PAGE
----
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This week sees the release of the utilitarianly titled Banks, the first solo release under his own name by Interpol singer Paul Banks. It’s not his first solo release, though — Banks has already put out an album and an EP under the pseudonym Julian Plenti. He appears to have retired the alter ego now, which only makes the whole thing more bizarre — despite the fact that Julian Plenti’s records sounded awfully like Interpol, Banks even insisted on being interviewed in character, reputedly refusing to answer questions that weren’t addressed to “Julian.” In memory of Julian Plenti, then, here are a selection of music’s most strangest and most memorable alter… Read More

Literary Mixtape: The Lorax

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If you’ve ever wondered what your favorite literary characters might be listening to while they save the world/contemplate existence/get into trouble, or hallucinated a soundtrack to go along with your favorite novels, well, us too. But wonder no more! Here, we sneak a look at the hypothetical iPods of some of literature’s most interesting characters. What would be on the personal playlists of Holden Caulfield or Elizabeth Bennett, Huck Finn or Harry Potter, Tintin or Humbert Humbert? Something revealing, we bet. Or at least something danceable. Read on for a cozy reading soundtrack, character study, or yet another way to emulate your favorite literary hero. This week: Dr. Seuss’ most environmentally friendly creation, the Lorax.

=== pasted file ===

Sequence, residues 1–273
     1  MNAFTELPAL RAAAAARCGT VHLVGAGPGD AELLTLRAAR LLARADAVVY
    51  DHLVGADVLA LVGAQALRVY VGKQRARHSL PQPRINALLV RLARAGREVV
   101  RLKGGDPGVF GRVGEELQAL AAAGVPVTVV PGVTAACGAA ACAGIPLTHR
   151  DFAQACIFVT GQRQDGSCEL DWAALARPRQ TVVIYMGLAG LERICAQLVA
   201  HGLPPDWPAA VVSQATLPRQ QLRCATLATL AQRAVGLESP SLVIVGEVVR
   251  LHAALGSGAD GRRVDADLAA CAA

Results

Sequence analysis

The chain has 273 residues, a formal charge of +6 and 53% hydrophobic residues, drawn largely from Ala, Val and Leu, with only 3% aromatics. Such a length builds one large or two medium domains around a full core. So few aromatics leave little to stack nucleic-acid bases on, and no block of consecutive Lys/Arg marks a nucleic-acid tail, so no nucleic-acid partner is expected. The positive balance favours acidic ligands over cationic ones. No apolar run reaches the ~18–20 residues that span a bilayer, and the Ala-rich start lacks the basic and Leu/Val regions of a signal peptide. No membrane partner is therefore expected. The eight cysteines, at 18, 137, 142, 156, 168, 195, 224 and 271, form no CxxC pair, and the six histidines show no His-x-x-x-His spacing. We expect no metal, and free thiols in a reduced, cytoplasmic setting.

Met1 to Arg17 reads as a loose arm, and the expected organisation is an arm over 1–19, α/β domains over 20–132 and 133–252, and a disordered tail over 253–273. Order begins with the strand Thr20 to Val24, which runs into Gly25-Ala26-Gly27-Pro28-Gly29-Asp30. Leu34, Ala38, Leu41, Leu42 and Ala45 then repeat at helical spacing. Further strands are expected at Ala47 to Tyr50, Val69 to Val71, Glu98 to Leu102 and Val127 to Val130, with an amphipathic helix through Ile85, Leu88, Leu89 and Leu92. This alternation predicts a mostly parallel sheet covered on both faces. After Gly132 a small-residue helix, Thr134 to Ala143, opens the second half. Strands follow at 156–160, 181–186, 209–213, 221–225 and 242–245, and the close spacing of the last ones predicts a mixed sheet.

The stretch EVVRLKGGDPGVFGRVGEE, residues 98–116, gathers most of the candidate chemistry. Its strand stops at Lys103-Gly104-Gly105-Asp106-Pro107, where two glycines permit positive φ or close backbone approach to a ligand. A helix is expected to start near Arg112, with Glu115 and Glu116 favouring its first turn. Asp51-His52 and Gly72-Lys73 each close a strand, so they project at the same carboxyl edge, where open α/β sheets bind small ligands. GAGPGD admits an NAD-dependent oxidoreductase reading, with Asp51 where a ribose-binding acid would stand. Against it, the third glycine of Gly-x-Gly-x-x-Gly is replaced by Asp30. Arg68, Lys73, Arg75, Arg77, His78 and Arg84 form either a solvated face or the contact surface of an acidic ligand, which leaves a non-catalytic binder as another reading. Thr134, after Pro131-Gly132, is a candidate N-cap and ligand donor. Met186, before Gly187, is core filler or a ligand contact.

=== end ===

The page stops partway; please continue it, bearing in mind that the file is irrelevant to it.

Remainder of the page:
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10 Classic Rock Songs We Never Want to Hear Again

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Despite what the manic Derek and the Dominos fans who apparently frequent our comments section appear to think, we don’t set out to be deliberately iconoclastic here at Flavorpill. We have a healthy respect for the past — we just occasionally get sick of hearing about it, especially when it’s depicted as some sort of glowing cultural golden age that the present can never hope to rival. That said, there are certain aspects of rock ‘n’ roll history that we rather wish could be expunged once and for all, for a variety of reasons. So to start with, here are 10 classic rock staples that we’d be happy to never, ever hear again. What would you smite from AOR playlists once and for all if given the chance?
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James Blake’s New Video Stars Rebecca Hall